Disruption – “disturbance or problems that interrupt an event, activity, or process” – is not new but usage of the word disruption has increased in the late 1990s. It would be interesting to explore the correlation between “disruption” (word usage) and internet usage.
But today, I would like to explore something non-analytical. Something that sometimes we fail to acknowledge as a factor for why we do things, why we appreciate things, why we live. Beauty.
Is disruption beautiful? I think so:
1) it reveals novelty, new ways of doing things, new connections, innovation
2) it proves we live in a dynamic world – not static, but constantly changing, reimagining our lives and our role in the world
3) it means that we are not alone – disruption implies clashes (of ideas, of cultures, of beliefs) and is the mark of a society – two or more people interacting with each other.
I was at the Portada Latin America Marketing and Advertising conference last week where I witnessed some amazing campaigns that reach audience/community/clients in Latin America in new and exciting ways. I also heard about some disruptive technologies from keynote speaker Scott Dadich of WIRED magazine. The world is complex, dynamic and ripe for disruption. Traditional industries and sectors are being challenged by interruptions from outside (and inside) their organizations. “We are a monopoly” or “we have always done it this way” are not responses that are in line with our complex society anymore.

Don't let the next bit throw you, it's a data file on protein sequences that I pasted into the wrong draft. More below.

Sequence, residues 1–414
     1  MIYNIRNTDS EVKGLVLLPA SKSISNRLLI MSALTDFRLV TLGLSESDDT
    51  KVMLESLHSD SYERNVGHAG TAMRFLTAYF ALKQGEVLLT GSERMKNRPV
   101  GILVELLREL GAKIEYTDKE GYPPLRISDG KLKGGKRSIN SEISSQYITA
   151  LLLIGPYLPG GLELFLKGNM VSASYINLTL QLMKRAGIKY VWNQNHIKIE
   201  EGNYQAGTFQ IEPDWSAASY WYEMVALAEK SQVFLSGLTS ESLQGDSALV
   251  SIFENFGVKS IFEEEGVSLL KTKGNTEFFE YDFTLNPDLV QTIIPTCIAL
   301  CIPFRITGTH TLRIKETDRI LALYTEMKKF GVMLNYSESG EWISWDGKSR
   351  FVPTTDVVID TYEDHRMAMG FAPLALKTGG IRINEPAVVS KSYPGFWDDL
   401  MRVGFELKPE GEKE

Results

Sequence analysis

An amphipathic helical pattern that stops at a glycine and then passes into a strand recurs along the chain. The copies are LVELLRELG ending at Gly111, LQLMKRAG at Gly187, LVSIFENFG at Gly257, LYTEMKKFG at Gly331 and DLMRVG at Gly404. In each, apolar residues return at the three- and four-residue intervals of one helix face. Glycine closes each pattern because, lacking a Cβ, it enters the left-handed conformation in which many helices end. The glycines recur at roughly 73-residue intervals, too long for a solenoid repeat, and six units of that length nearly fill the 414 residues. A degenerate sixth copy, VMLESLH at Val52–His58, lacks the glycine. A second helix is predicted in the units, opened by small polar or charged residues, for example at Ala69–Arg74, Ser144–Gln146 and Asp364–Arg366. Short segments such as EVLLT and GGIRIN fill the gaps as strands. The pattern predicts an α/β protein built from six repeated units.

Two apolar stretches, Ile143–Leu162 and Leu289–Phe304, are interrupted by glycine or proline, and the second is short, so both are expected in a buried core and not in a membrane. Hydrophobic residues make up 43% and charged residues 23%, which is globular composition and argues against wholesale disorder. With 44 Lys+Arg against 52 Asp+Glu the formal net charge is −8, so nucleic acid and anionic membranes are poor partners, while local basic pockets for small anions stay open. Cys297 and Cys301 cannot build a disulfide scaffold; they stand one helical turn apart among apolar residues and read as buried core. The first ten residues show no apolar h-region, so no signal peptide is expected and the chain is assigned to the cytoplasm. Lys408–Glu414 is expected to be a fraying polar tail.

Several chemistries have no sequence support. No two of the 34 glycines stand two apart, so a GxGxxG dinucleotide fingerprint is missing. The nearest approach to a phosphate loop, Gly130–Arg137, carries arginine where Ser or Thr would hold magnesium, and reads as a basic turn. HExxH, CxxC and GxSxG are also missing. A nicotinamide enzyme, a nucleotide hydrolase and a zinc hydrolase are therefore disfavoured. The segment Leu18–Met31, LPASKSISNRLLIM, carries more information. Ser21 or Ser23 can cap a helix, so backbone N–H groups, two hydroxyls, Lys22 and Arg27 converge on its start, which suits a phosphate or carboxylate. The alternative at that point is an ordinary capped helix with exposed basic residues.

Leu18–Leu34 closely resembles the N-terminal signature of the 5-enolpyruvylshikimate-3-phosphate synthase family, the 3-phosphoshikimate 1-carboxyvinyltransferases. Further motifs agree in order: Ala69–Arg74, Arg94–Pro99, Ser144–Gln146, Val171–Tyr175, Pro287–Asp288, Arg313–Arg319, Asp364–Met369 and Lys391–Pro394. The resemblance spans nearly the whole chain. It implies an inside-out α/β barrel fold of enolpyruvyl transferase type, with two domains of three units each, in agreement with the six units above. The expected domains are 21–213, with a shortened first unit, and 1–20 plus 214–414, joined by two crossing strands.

Disruption is beautiful. It reveals that we are not robots living in a matrix but rather human beings looking to create something that, sooner or later, may challenge the status quo.